- On 2 Jun 2006 at 13:03:37, Thenmozhi Arumugam (then_bio01.-at-.yahoo.co.in) sent the message

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Dear Members,

Greetings.

As we all know that the guidelines says:

If the predose concentration is less than 5 percent of Cmax value in

that subject, the subject's data without any adjustments can be

included in all pharmacokinetic measurements and

calculations. We recommend that if the predose value is greater than

5 percent of Cmax, the

subject be dropped from all BE study evaluations.

But one of the sponsors, who visited us, suggested that if a pre-dose

concentration is detected, the subject's data can be included in the

statistical analysis, without adjustment, if it represents less than

5% of the Cmax value of the corresponding period. If it is greater

than 5% of the Cmax value, a calculation taking into account the

residual value and the elimination constant will be done for

calculation of new values.

(New concentration) = (Actual concentration) - (residual

concentration) x (exp (kel x t))

Here is my query:

1. Is it okay to calculate the new concentration by using this method?

2. If it is okay, will the regulatory accept this? And what is 't'

stands for in the formula.

3. Is there is any guidelines talks about the calculation of new

concentration?

I will be grateful if some one could elucidate me.

Regards, - On 2 Jun 2006 at 13:29:21, DDubins.-a-.allied-research.com sent the message

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The following message was posted to: PharmPK

Hello Thenmozhi,

> 1. Is it okay to calculate the new concentration by using this

method?

The method you are describing assumes mono-exponential decline of the

drug,

which may or may not be true. This would entirely depend upon the

elimination characteristics of the drug. If the drug has

multi-compartmental PK, this model would not properly predict the

projected

concentrations without the pre-dose value.

> 2. If it is okay, will the regulatory accept this? And what is 't'

stands

for in the formula.

I wouldn't imagine the FDA would accept this. The sponsor may have an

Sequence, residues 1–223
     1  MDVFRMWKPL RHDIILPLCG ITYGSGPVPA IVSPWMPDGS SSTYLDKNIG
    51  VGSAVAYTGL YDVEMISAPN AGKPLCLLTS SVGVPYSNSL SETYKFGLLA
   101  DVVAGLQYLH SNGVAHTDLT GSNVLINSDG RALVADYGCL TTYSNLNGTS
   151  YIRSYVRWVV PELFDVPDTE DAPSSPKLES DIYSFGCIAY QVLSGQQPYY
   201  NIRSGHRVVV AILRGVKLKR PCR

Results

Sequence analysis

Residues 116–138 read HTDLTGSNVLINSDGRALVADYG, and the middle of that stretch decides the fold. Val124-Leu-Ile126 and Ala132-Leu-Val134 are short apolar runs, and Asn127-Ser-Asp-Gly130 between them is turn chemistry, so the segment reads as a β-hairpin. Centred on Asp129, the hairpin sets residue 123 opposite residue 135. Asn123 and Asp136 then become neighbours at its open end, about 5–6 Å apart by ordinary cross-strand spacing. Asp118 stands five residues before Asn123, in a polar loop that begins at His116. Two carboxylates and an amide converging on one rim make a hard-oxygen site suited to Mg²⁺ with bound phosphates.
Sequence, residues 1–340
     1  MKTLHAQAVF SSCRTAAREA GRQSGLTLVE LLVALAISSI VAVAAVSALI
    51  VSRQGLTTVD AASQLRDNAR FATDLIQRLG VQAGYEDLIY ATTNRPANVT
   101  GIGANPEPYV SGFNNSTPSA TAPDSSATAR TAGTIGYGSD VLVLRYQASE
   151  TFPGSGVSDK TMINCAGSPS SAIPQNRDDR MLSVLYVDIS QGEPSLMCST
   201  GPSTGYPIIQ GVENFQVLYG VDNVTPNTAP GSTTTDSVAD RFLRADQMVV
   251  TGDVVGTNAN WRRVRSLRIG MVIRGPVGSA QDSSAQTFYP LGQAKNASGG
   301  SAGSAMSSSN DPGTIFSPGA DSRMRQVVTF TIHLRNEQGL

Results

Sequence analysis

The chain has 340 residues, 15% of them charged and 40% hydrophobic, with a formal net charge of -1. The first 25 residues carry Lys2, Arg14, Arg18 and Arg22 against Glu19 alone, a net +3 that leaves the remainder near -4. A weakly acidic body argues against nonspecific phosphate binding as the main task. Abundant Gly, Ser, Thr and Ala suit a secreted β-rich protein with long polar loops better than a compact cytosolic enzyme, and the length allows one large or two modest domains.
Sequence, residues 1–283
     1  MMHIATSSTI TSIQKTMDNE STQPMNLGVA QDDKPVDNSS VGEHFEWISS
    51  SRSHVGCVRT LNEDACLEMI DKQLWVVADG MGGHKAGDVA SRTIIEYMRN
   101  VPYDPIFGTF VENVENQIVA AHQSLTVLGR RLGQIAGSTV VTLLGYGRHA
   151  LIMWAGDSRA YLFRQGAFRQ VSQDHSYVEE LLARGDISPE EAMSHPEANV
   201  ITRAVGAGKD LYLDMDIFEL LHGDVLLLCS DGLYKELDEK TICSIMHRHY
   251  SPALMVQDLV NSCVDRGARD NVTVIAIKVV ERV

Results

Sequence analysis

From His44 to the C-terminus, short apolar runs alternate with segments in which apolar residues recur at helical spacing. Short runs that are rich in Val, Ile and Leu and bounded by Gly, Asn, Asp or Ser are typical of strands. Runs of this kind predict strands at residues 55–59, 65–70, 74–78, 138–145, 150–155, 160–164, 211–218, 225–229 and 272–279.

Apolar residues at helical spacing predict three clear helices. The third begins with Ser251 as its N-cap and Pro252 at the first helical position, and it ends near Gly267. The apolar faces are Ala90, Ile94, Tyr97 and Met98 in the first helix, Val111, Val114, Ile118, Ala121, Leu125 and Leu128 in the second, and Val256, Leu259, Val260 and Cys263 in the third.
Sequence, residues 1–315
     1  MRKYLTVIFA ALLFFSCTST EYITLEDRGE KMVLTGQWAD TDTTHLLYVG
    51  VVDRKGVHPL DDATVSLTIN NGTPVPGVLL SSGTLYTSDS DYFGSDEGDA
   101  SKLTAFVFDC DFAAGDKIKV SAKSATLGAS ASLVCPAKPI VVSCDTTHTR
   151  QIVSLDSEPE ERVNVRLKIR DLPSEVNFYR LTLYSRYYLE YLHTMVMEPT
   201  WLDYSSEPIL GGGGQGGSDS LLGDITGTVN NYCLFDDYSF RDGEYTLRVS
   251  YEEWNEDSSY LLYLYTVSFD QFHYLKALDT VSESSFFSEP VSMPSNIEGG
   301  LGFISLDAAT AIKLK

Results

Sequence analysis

argument if the drug is a non-complicated single-compartment IR drug,

however I would argue that doing this is polluting the data. The "t"

in the

formula would represent "time from pre-dose collection". Since the

pre-dose

sample is typically not taken right at dosing, you have to be careful if

you plan on using this sort of subtraction to start the clock when the

pre-dose sample was taken rather than at dosing. I would not perform

this

normalization for an FDA study, but rather follow their very clear

instructions to drop the subjects in question from the analysis. If a

sponsor insists on subtraction this way, I would include it as

supplementary information and leave the FDA-recommended approach as the

primary analysis.

> 3. Is there is any guidelines talks about the calculation of new

concentration?

I haven't seen any guidelines regarding this. For drugs that have

endogenous levels in the bloodstream (e.g. hormones) baseline

normalization

may be appropriate. In this case, I would include a PK & stats

analysis on

both the raw and baseline-normalized data. Normalizing would be

performed

by subtracting the pre-dose concentration from the entire curve, the

underlying assumption being that the hormone levels wouldn't fluctuate

significantly over the course of the sampling times. In this case I

would

base BE on both the raw and baseline normalized ln-transformed PK

parameters.

If you are seeing many above-LLOQ pre-dose values, then you should

consider

a longer washout for the next study.

Hope this helps,

Dave Dubins

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